n00blibrarian
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Joined: Wed Aug 14, 2019 9:14 pm

Four dead Pis in one class!?

Wed Aug 14, 2019 9:32 pm

I'm a relatively new raspberry pi educator (I was fortunate enough to get to go to a Picademy last year) and have been running a weekly robotics club for teens this summer where the kids have been using the 3B+ and an explorer hat to build a simple two wheel drive rover. This week we tried moving from 'bench testing' to actually letting the things loose and it has been one problem after another. The battery packs, which I bought from a hobby shop here in NYC at the last minute (after our original plan fell through) and which were specifically labeled as for the Raspberry Pi, ran the Pis but we got the 'low voltage' icon whenever we tried to activate the motors. Oh, well, the shop didn't have enough of them anyway, and the other type I picked up for the rest of the sets, which they assured me would also work fine, actually FRIED my personal Pi which I was using last night to run through the lesson and make sure everything worked, which meant the kids were going to have to share the ones we had anyway.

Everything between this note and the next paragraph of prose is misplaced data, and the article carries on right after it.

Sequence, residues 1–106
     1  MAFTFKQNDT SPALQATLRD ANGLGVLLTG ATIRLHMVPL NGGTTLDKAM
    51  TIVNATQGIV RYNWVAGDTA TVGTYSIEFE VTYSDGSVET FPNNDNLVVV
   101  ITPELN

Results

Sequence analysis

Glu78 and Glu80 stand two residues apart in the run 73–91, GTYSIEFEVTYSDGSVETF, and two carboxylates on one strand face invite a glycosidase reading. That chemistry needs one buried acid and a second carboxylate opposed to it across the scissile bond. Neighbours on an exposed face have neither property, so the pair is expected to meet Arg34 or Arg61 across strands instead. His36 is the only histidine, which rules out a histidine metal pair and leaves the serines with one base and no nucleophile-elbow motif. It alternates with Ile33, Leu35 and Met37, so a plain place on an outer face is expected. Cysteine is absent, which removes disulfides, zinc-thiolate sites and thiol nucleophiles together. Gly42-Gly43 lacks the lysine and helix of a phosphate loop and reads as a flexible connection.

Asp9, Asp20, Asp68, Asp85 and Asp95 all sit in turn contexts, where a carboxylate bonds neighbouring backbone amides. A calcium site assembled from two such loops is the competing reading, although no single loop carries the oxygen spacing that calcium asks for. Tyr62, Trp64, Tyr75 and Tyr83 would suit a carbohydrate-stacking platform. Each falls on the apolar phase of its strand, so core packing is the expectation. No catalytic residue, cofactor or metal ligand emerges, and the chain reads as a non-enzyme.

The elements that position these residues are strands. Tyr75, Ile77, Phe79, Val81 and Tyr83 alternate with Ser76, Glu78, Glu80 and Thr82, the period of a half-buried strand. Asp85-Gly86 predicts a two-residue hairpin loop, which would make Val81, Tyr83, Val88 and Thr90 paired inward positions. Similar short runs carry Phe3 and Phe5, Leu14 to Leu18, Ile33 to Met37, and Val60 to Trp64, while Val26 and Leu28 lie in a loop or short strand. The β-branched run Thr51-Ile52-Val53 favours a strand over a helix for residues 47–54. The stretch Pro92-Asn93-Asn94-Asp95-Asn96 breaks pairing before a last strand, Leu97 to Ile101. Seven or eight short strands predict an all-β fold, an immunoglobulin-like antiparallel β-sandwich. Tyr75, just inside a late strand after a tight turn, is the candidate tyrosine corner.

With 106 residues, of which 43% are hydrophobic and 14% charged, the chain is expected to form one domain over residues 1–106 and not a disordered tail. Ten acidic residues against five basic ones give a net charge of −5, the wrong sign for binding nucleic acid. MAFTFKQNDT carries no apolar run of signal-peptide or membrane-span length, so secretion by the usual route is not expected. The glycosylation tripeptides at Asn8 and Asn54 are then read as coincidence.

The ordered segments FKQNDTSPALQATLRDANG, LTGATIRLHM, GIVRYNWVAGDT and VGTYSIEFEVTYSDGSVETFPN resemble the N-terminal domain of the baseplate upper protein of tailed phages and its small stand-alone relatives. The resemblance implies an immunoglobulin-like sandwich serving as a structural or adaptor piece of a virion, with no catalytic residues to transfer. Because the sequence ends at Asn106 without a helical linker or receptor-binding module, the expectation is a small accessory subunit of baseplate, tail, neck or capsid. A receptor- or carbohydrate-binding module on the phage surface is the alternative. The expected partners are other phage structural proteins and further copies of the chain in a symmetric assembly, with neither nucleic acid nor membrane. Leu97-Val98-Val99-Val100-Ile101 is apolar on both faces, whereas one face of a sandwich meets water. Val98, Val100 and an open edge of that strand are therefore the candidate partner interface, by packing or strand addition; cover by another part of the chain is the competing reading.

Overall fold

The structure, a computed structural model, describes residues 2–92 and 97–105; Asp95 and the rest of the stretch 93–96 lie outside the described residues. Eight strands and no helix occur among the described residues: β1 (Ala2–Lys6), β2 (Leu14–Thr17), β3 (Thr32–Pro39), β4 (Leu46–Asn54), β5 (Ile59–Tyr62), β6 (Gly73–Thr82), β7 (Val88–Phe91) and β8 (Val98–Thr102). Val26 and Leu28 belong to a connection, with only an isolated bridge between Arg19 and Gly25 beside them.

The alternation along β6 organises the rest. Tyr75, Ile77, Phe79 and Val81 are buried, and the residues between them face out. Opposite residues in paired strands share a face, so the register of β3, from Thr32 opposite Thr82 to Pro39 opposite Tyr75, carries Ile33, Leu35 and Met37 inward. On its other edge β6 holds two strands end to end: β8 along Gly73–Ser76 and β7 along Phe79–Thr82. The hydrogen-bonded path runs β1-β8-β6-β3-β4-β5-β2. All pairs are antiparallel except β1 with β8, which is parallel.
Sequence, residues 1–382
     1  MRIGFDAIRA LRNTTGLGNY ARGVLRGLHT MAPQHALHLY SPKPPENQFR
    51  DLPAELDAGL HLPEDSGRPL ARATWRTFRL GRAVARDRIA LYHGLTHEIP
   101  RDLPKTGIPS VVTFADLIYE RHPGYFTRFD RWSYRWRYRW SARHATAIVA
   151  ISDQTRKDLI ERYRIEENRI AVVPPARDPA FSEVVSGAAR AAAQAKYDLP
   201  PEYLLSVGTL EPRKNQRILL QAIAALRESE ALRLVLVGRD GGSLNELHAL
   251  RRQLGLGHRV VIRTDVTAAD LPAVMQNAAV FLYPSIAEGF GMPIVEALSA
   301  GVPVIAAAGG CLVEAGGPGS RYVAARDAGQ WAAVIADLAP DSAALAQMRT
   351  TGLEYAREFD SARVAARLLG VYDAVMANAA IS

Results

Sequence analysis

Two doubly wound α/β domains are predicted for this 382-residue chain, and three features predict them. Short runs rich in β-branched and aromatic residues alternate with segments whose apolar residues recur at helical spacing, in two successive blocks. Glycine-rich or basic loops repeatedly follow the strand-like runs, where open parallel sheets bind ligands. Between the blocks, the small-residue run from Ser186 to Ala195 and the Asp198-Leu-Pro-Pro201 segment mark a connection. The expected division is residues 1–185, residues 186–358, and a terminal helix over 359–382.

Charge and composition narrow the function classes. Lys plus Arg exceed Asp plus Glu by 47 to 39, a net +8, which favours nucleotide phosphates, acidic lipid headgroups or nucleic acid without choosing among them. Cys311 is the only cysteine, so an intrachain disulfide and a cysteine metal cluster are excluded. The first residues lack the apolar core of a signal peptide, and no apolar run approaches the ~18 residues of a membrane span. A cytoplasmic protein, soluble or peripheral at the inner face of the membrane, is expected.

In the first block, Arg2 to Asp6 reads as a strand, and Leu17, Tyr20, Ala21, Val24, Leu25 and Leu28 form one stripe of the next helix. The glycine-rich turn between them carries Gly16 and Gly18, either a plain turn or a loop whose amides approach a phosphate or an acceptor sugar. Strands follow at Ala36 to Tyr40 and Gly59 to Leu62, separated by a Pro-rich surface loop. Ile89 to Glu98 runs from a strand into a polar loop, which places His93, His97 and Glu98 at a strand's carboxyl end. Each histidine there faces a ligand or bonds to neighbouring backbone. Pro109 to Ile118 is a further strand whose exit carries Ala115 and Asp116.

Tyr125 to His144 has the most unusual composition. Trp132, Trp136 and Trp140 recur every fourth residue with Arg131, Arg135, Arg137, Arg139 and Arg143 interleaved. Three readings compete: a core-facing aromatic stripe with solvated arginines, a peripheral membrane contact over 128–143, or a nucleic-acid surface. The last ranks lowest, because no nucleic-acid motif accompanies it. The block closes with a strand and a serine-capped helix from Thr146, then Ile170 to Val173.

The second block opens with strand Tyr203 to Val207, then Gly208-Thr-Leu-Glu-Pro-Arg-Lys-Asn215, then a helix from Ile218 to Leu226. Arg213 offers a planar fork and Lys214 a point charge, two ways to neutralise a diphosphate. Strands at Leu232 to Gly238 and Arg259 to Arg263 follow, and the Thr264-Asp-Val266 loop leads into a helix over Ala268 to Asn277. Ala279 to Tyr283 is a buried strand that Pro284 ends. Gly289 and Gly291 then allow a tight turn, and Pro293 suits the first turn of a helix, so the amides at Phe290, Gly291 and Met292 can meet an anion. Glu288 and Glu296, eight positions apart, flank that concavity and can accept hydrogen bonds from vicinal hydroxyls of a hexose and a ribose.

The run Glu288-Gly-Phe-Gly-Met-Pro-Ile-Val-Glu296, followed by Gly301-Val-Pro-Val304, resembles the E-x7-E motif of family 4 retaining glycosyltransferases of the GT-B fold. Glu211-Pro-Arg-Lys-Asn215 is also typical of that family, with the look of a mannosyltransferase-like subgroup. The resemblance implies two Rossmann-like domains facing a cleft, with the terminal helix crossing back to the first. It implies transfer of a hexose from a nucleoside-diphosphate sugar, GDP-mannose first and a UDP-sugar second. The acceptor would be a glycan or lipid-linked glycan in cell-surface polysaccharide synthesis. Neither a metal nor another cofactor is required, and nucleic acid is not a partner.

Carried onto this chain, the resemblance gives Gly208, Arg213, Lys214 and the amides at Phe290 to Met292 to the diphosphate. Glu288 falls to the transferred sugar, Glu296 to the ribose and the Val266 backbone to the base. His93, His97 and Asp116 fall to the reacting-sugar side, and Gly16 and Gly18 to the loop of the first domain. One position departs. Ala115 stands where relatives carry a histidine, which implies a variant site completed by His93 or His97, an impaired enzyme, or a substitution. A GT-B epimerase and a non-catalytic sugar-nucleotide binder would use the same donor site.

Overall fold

So we set those aside and started tinkering with the robots still connected to the AC power again. This is where things really went south. Over the course of a one hour session I had FOUR Pis die. Three of them were lighting up the red light only, and the third didn't light up at all. On all four I tried disconnecting everything from the Pi except the power to see if I could get a green light, and no dice. They all died at the same two stations, as when the first one went kaput I swapped in a spare with explorer hat still attached and left all the same peripherals and motors. In both cases, they worked okay for a while and then died again. Also during the session we had trouble at multiple stations where Pis were boot cycling - for those, I had the kids disconnect everything and start again from scratch, and that worked fine. But it was quite a mess, especially given how smooth things have been so far.